Erdal Toprak

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Antibiotic resistance can evolve through the sequential accumulation of multiple mutations. To study such gradual evolution, we developed a selection device, the 'morbidostat', that continuously monitors bacterial growth and dynamically regulates drug concentrations, such that the evolving population is constantly challenged. We analyzed the evolution of(More)
The centroid of a fluorophore can be determined within approximately 1.5-nm accuracy from its focused image through fluorescence imaging with one-nanometer accuracy (FIONA). If, instead, the sample is moved away from the focus, the point-spread-function depends on both the position and 3D orientation of the fluorophore, which can be calculated by defocused(More)
Kinesin I can walk on a microtubule for distances as long as several micrometers. However, it is still unclear how this molecular motor can remain attached to the microtubule through the hundreds of mechanochemical cycles necessary to achieve this remarkable degree of processivity. We have addressed this issue by applying ensemble and single-molecule(More)
Predicting evolutionary paths to antibiotic resistance is key for understanding and controlling drug resistance. When considering a single final resistant genotype, epistatic contingencies among mutations restrict evolution to a small number of adaptive paths. Less attention has been given to multi-peak landscapes, and while specific peaks can be favoured,(More)
The technique of determining the position of individual fluorescent molecules with nanometer resolution, called FIONA, has become an important tool for several biophysical applications such as studying motility mechanisms of motor proteins. The position determination is usually done by fitting a 2-D Gaussian (x-y vs. photon number) to the emission intensity(More)
Molecular motors, which use energy from ATP hydrolysis to take nanometer-scale steps with run-lengths on the order of micrometers, have important roles in areas such as transport and mitosis in living organisms. New techniques have recently been developed to measure these small movements at the single-molecule level. In particular, fluorescence imaging has(More)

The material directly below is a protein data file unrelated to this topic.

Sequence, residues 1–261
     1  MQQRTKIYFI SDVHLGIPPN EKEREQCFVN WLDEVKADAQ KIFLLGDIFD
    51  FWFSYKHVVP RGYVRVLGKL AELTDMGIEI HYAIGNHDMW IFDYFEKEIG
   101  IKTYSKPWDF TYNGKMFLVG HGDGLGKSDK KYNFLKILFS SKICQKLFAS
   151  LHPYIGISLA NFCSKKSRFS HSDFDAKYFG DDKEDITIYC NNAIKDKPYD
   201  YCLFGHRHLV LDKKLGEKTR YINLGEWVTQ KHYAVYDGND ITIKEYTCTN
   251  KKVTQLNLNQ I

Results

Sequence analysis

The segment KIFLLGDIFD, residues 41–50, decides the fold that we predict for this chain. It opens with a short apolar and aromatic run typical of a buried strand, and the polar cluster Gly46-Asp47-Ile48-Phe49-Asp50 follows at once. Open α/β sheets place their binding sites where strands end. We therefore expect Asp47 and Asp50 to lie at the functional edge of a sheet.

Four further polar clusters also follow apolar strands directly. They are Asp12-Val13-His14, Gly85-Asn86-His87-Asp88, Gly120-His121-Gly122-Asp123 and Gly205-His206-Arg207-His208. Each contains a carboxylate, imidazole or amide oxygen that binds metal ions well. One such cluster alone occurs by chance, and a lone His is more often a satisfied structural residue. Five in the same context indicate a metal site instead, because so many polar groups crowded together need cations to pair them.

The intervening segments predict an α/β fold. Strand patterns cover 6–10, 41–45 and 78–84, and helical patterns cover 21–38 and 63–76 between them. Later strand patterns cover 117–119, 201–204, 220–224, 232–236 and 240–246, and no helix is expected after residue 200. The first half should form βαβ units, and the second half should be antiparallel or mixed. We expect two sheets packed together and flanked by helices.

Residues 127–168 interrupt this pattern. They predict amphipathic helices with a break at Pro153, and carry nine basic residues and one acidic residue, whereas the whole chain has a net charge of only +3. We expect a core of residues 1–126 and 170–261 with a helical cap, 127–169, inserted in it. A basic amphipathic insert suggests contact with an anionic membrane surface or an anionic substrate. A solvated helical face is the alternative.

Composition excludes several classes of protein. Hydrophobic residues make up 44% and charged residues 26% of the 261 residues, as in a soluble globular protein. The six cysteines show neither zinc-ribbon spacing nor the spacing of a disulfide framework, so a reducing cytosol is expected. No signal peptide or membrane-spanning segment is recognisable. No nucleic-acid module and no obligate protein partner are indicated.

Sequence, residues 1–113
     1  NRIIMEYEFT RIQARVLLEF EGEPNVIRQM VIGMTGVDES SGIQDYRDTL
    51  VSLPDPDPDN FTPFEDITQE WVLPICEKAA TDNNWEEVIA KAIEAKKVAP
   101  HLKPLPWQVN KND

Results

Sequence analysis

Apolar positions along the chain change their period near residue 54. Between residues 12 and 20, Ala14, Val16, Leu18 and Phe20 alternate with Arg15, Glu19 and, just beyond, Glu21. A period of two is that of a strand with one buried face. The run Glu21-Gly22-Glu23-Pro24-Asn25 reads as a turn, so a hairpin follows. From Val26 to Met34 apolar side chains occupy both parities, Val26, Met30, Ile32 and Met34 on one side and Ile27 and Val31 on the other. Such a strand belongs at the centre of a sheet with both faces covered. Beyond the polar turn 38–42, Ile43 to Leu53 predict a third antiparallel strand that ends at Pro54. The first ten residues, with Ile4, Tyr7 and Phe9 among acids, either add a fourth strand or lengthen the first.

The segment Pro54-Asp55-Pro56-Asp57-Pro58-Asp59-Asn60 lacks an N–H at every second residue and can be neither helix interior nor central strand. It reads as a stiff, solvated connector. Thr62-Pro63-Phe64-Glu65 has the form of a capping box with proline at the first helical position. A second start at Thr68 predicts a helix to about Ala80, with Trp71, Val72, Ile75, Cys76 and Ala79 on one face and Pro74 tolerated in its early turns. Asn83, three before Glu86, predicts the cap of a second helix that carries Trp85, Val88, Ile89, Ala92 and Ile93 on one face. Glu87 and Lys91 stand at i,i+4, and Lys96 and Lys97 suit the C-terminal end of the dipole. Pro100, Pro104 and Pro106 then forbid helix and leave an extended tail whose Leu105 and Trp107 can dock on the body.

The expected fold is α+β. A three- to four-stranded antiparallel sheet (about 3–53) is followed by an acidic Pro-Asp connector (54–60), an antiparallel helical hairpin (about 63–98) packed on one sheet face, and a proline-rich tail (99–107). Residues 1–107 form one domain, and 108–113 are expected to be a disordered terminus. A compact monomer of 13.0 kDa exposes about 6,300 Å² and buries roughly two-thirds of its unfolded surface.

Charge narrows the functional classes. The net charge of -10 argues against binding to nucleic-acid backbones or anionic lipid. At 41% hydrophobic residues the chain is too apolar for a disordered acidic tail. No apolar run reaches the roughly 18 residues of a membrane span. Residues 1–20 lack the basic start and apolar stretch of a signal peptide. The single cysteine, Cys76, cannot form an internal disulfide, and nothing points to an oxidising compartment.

Single-molecule biophysics has been serving biology for more than two decades. Fluorescence microscopy is one of the most commonly used tools to identify molecules of interest and to visualize biological events. Here we describe some of the most commonly used fluorescence imaging tools to measure nanoscale movements and the rotational dynamics of(More)
In many research areas such as biology, biochemistry, and biophysics, measuring distances or identifying and counting objects can be of great importance. To do this, researchers often need complicated and expensive tools in order to have accurate measurements. In addition, these measurements are often done under nonphysiological settings. X-ray diffraction,(More)
In this paper we study the large Nc limit of SO(Nc) gauge theory coupled to a real scalar field following ideas of Rajeev[1]. We will see that the phase space of this resulting classical theory is Sp1(H)/U(H+) which is the analog of the Siegel disc in infinite dimensions. The linearized equations of motion give us a version of the well-known ’t Hooft(More)
We introduce a bifocal imaging method that enables three-dimensional (3D) tracking of both fluorescent and nonfluorescent particles. We accomplish this by simultaneously imaging a focused plane, for in-plane position (x,y), and a defocused plane, for out-of-plane position (z), of a molecule using a single CCD camera. We applied our method to several systems(More)